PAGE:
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Inicio Neurología (English Edition) Virtual reality for therapeutic purposes in stroke: A systematic review
Journal Information
Vol. 31. Issue 4.
Pages 255-277 (May 2016)
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3842
Vol. 31. Issue 4.
Pages 255-277 (May 2016)
Review article
DOI: 10.1016/j.nrleng.2015.06.007
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Virtual reality for therapeutic purposes in stroke: A systematic review
Realidad virtual con fines terapéuticos en pacientes con ictus: revisión sistemática
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S. Viñas-Diza,
Corresponding author
suvidiz@udc.es

Corresponding author.
, M. Sobrido-Prietob
a Departamento de Fisioterapia, Universidad de A Coruña, A Coruña, Spain
b Complejo Hospitalario Universitario de A Coruña, Departamento de Enfermería. Universidad de A Coruña, A Coruña, Spain
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Figures (1)
Tables (4)
Table 1. Search strategy.
Table 2. Selected articles from databases specialised in systematic reviews.
Table 3. Levels of evidence and grades of recommendation of systematic reviews.
Table 4. Summary of results obtained in the controlled and/or randomised clinical trials included in our review.
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Abstract
Introduction

Virtual reality (VR) is used in the field of rehabilitation/physical therapy to improve patients’ functional abilities.

The last 5 years have yielded numerous publications on the use of VR in patients with neurological disease which aim to establish whether this therapeutic resource contributes to the recovery of motor function.

Development

The following databases were reviewed: Cochrane Original, Joanna Briggs Connect, Medline/Pubmed, Cinahl, Scopus, Isi Web of Science, and Sport-Discus.

We included articles published in the last 5 years in English and/or Spanish, focusing on using RV to improve motor function in patients with stroke.

From this pool, we selected 4 systematic reviews and 21 controlled and/or randomised trials. Most studies focused on increasing motor function in the upper limbs, and/or improving performance of activities of daily living. An additional article examines use of the same technique to increase motor function in the lower limb and/or improve walking and static-dynamic balance.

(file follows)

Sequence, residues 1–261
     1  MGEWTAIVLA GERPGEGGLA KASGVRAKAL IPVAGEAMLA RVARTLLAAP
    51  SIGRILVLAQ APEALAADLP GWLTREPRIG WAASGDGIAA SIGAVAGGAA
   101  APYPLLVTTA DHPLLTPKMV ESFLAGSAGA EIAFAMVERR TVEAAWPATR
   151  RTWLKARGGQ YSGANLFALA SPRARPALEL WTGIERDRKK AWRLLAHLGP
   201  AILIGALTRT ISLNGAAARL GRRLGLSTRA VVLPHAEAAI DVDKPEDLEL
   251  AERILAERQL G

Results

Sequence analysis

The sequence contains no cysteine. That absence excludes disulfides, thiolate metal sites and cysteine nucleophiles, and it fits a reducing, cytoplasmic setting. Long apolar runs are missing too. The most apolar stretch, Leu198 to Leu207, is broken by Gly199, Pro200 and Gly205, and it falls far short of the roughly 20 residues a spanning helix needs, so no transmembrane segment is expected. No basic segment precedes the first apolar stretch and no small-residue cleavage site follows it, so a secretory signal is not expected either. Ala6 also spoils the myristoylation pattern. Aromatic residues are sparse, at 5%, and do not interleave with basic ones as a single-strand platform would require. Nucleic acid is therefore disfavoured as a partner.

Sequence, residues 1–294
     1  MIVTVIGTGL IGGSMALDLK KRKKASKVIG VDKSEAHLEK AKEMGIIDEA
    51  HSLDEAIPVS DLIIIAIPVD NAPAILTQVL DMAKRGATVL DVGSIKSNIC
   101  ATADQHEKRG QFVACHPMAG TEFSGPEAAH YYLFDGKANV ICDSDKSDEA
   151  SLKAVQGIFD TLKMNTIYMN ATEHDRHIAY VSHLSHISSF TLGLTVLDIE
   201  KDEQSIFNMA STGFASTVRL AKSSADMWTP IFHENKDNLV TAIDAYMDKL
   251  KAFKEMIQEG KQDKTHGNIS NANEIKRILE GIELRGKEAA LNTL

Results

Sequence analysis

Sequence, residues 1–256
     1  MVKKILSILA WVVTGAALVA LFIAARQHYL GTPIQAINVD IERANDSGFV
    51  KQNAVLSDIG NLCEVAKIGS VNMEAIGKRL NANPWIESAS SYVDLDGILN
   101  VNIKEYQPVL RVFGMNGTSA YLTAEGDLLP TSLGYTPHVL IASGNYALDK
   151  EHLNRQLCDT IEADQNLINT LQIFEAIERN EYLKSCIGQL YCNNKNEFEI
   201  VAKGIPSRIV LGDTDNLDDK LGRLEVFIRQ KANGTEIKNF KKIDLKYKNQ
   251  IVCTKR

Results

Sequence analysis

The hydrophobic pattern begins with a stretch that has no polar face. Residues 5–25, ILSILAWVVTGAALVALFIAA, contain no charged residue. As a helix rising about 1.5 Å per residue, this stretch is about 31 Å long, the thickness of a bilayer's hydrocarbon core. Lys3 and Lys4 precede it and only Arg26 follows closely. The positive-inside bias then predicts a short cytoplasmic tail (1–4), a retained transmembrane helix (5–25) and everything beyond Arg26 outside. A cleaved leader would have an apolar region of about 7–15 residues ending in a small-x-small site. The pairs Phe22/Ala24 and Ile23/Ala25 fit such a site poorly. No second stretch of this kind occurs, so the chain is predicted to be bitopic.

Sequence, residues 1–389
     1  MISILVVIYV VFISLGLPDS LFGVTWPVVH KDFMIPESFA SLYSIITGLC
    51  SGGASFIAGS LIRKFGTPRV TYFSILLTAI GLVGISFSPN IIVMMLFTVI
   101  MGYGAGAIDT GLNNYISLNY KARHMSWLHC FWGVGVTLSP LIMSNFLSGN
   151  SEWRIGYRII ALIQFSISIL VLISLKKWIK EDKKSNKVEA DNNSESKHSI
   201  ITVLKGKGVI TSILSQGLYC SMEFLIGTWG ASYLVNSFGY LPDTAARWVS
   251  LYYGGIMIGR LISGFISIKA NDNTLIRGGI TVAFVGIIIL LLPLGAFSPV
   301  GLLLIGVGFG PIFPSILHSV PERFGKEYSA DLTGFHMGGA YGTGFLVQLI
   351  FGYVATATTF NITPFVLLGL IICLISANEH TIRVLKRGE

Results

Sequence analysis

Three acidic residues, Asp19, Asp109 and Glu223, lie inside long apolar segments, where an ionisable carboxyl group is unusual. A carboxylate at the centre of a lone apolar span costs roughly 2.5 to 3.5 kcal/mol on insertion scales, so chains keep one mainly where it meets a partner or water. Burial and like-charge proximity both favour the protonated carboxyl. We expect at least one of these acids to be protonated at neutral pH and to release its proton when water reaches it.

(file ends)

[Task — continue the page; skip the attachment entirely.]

Discussion and conclusions

Strong scientific evidence supports the beneficial effects of VR on upper limb motor recovery in stroke patients. Further studies are needed to fully determine which changes are generated in cortical reorganisation, what type of VR system is the most appropriate, whether benefits are maintained in the long term, and which frequencies and intensities of treatment are the most suitable.

Keywords:
Virtual reality
Stroke
Rehabilitation
Resumen
Introducción

La realidad virtual (RV) se utiliza en rehabilitación con el objetivo de mejorar las capacidades funcionales.

Es en estos últimos 5 años cuando aparece el mayor número de publicaciones sobre la utilización de RV en pacientes con patología neurológica, con el objetivo de determinar si este recurso terapéutico aporta mejoras en la recuperación de la función motora.

Desarrollo

Se ha realizado una revisión sistemática consultando las bases de datos Cochrane Original, Joanna Briggs Connect, Medline/Pubmed, Cinahl, Scopus, Isi Web of Science y Sport-Discus.